|START||NEW VOL 20||SEARCH||STATISTICS||PAS - GDANSK DIVISION|
pp. 181-192, vol. 4, 2001
T. H. Neighbors
Science Applications International Corporation, Virginia, USA
UltraTech Holding, Taastrup, Denmark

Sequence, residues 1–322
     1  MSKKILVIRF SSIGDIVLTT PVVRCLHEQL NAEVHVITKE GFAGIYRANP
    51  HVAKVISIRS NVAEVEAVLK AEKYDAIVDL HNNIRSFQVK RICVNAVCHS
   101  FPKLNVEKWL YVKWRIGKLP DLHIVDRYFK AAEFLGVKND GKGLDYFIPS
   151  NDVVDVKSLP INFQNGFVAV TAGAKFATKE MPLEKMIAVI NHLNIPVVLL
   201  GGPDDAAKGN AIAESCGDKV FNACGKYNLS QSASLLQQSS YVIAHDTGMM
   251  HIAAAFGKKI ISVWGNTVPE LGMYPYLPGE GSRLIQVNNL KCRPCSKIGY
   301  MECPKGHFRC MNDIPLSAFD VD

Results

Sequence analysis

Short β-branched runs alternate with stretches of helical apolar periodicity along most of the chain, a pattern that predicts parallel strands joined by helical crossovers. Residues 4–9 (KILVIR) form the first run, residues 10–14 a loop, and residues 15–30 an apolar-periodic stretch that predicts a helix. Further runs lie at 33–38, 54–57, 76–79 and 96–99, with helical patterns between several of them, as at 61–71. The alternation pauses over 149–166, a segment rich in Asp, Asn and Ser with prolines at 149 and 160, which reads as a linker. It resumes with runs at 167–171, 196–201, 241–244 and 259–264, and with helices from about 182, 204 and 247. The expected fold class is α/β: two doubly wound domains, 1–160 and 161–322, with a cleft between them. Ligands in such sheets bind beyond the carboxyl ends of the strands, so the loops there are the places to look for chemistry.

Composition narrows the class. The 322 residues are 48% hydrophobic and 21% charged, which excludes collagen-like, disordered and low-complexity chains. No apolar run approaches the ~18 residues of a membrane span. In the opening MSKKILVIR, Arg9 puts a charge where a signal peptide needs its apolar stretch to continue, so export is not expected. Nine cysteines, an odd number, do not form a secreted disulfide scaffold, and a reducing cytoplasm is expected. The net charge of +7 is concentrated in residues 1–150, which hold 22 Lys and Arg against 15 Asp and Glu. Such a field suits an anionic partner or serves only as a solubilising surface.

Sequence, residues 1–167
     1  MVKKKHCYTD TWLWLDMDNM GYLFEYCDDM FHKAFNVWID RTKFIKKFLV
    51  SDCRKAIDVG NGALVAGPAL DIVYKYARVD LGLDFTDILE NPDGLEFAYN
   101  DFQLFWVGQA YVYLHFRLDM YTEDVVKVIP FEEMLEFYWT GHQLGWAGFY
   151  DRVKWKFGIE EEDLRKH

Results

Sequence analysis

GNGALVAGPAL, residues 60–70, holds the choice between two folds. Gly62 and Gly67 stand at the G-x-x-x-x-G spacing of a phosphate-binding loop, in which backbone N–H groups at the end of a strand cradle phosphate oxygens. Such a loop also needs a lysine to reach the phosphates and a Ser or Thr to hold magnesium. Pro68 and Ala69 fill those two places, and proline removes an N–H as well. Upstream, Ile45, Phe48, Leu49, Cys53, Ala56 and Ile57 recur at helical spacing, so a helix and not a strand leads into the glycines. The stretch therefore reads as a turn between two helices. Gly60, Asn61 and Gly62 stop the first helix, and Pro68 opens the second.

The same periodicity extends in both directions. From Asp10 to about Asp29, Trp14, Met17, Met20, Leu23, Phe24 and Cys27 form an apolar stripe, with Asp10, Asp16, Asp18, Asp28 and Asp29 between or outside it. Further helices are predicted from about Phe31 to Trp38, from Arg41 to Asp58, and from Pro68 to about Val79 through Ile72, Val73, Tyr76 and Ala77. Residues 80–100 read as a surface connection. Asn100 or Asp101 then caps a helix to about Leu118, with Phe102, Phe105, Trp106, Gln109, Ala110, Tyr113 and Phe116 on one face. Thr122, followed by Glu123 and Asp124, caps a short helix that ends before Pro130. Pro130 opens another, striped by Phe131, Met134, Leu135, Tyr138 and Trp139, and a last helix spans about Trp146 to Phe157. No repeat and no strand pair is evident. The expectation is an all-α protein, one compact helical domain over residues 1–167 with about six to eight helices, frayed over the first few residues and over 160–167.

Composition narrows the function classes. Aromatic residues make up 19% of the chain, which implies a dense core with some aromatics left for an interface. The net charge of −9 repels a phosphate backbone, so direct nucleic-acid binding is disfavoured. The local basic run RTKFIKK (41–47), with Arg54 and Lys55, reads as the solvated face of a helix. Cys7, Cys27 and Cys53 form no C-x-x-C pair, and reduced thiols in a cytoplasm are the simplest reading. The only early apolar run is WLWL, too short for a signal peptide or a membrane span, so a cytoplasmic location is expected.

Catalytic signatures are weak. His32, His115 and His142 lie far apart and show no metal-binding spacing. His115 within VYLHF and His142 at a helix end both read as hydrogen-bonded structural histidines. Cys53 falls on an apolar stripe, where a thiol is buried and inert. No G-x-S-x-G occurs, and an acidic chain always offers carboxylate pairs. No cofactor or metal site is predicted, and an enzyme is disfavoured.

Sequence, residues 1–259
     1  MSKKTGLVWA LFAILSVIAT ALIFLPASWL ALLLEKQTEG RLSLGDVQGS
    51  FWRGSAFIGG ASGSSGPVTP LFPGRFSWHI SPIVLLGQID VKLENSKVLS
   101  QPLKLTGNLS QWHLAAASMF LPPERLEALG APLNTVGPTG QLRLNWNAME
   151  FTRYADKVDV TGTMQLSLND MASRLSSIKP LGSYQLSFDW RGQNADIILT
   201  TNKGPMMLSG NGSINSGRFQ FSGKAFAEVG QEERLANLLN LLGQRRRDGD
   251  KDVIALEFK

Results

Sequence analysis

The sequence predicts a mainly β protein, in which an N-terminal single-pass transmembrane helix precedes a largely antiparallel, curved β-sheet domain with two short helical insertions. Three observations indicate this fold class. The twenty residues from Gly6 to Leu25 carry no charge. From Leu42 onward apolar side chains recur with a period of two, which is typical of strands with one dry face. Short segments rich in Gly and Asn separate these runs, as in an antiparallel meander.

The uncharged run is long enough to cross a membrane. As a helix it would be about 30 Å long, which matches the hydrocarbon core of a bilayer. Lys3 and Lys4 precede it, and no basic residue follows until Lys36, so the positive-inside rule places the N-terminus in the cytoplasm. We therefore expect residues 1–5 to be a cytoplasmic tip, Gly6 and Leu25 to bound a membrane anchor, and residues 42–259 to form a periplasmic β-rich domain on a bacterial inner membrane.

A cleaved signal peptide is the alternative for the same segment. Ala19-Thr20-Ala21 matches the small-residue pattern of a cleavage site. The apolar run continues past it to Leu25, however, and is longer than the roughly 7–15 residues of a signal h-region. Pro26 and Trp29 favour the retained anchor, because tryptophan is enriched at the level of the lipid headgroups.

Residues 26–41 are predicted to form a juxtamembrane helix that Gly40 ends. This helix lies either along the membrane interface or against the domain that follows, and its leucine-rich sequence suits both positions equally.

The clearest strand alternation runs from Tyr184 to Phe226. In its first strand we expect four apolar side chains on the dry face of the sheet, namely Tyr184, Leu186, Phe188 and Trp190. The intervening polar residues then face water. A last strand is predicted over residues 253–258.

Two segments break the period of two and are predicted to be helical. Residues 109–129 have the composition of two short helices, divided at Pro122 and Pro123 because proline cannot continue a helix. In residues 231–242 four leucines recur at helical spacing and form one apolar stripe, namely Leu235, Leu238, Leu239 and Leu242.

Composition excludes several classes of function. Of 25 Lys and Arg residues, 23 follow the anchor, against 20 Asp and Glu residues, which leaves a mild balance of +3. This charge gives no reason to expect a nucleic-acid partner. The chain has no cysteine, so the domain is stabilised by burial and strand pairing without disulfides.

Abstract: Low frequency sea surface sound backscattering from ̴100 Hz to a few kHz observed from the 1960s [A,B,C] to the 1990s [D,E] is substantially higher than explained by rough sea surface scattering theory. Alternative theories for explaining this difference range from scattering by bubble plumes/clouds formed by breaking waves to stochastic scattering from fluctuating bubble layers. Disparities remain between measurements and predictions [F] as a function of sound incidence angle, wind speed, and whitecap coverage. A first order, two dimensional approach for bubble plume scattering [G] that includes the rough sea surface shows that bubble plume shadowing dominates the backscattered signal strength at shallow grazing angles. To demonstrate the effect, scale model experiments were performed at the Technical University of Denmark [H]. The scattered signal strength fluctuations observed at shallow angles are characteristic of the predicted ocean environment. Shadowing has a first order impact on the scattering strength observed from bubble plumes and clouds.
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